They went back.
I feel obliged to return and tell lingering subscribers what has kept me away so long and why our Home For Good became Home for a While.
My mom died. Well, first she was seriously ill -- on top of her myriad health problems that bloomed and grew over the past ten years. She would falter, recover somewhat, find relief in one infection or ailment only to have the cure bring other problems.
This time she did not recover. She was in-hospital about six weeks. What was bad cascaded into worse, which turned dire. Her body was shutting down. We were left with removing life support or keeping her in limbo a la machine. We chose what she had made clear in kitchen table conversations: "Don't let me live like that."
Amid the pull of working and homeschooling and a constant drag of "what's happening to Mom?" I left the kids more and more on their honor to do assignments. They didn't do as much or *all* as I instructed. I wept and railed at them for being untrustworthy. My son suggested he try middle school. He presented this idea as a way to be helpful. "Then you won't have so much to do," he offered. It was obvious I was out of my depth.
He went through testing to see if he would place. I cautioned him, "They may put you back a grade." The school said he would be fine in his current grade. He began mid February and never faltered. He has made nothing but A's ever since. He has been placed in advanced math. He loves the camaraderie of other kids "like me." He thrives on the recognition of other adults, whether on the cross country team, at library workshops, or in class.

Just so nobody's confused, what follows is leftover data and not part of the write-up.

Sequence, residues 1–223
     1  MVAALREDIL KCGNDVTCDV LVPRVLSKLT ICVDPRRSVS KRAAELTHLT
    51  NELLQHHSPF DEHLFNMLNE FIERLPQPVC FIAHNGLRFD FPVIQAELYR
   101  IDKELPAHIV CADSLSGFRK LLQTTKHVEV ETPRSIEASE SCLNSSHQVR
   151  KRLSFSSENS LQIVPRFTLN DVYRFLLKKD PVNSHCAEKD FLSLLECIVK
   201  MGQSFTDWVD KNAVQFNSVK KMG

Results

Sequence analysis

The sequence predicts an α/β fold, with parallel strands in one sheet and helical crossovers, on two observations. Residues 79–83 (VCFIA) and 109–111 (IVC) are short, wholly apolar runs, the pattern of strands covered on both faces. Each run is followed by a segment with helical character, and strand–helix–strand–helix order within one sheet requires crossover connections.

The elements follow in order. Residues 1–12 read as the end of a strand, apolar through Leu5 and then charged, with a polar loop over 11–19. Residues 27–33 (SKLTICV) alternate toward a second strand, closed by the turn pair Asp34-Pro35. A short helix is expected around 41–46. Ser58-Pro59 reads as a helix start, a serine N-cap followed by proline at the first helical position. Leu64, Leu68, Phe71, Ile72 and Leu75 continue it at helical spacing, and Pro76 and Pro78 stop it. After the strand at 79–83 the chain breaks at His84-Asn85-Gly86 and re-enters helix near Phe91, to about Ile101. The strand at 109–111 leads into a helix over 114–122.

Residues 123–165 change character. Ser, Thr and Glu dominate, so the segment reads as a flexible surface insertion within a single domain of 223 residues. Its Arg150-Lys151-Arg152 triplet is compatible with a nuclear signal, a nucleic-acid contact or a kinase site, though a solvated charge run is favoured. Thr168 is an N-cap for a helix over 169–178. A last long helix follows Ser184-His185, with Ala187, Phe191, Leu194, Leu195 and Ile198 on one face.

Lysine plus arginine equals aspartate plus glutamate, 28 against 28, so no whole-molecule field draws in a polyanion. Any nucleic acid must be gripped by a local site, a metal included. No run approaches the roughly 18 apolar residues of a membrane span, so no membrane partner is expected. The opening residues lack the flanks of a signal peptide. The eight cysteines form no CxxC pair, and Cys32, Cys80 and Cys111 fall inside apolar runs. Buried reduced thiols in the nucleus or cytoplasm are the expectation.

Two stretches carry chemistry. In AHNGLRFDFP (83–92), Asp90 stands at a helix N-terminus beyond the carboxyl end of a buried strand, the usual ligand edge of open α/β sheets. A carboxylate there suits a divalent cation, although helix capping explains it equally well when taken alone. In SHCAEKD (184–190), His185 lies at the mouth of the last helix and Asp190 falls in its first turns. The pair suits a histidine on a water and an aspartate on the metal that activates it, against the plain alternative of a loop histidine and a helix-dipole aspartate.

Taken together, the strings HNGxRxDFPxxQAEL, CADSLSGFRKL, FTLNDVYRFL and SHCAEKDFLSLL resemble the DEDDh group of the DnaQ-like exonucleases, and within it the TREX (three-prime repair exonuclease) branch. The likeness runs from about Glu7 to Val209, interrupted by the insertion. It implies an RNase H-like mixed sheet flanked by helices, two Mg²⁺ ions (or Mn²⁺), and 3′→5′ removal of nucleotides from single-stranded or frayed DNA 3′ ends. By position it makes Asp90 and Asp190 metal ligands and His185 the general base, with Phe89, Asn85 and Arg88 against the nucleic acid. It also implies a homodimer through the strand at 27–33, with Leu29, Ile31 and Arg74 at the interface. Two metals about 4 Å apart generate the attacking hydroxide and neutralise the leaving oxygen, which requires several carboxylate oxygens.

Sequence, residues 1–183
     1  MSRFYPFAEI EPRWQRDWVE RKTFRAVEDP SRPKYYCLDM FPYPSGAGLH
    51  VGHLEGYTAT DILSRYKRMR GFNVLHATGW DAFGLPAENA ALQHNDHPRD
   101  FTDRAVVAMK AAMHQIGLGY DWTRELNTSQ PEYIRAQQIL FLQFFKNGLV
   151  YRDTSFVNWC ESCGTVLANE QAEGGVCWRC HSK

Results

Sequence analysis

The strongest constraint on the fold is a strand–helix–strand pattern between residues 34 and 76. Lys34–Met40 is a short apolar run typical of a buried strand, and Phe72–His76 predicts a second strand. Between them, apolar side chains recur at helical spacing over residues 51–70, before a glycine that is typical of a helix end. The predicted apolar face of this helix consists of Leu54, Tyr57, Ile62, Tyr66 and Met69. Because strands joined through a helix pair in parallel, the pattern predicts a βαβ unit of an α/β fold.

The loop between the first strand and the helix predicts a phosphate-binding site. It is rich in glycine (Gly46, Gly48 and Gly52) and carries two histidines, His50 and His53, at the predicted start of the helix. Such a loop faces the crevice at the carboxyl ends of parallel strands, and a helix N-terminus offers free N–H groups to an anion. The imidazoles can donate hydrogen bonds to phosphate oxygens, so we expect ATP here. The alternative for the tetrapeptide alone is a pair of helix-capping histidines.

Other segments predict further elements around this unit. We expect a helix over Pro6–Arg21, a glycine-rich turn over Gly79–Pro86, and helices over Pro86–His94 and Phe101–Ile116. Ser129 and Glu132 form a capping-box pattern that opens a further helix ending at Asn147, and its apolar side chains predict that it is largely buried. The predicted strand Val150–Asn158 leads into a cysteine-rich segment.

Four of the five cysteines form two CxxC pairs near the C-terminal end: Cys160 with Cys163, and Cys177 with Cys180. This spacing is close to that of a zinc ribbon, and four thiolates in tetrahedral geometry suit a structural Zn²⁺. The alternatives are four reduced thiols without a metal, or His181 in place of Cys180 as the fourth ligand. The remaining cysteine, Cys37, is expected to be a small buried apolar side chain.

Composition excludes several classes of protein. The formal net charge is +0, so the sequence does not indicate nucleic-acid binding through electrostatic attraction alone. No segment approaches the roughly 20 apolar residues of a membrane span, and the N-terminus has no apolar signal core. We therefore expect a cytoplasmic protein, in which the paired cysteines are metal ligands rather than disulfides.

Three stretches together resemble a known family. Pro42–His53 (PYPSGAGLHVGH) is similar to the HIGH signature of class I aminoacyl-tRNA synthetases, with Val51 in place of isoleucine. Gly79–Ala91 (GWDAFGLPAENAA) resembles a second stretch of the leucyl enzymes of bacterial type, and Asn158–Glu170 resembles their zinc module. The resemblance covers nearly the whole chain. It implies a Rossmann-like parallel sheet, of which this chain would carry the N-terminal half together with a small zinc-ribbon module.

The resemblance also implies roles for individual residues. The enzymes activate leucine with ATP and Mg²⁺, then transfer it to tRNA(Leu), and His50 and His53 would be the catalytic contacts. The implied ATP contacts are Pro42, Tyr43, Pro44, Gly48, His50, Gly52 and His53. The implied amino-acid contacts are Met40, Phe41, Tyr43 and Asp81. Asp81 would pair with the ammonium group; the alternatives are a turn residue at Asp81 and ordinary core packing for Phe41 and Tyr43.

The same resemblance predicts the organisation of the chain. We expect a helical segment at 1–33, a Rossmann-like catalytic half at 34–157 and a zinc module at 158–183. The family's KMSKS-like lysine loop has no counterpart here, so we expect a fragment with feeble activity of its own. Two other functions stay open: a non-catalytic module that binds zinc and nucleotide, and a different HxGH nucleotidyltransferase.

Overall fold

My daughter was intrigued at the idea of middle school. A different teacher every hour? Art class every day? You get to eat salad at lunch?
She returned to elementary school in the new school year, to prepare for middle school-to-come. She has a teacher she adores, a gifted young woman who is a natural with the chaos and drama of 5th grade. Her classroom feels more like a club you'd want to join than a chore. She brings props and dresses up; she counsels without belittling. Bonus: the teacher was home-schooled. I worried about getting scolded for taking my kids out. No chance there.
Social studies has become the new favorite subject, and the structure is precisely what my daughter needs. It was what I had so much trouble providing with my other obligations.
Our bond didn't break. We still read together at night; I was the parent assistant on my son's cross country team; I went to the capitol with my daughter's class. We don't spend all day together, but the space --in my mind, in my house-- has let me expand my own profession without feeling guilt for taking time from them.
My kids are not one bit "behind" from having left school. The hassles of home discipline have been traded with counseling on friend drama or sympathy for how loud and distracting a classroom can be. We have yet found the ideal situation. It's something most people--kids and adults--are driven to find.
We know ourselves better for the experience, though. It was all part of our education.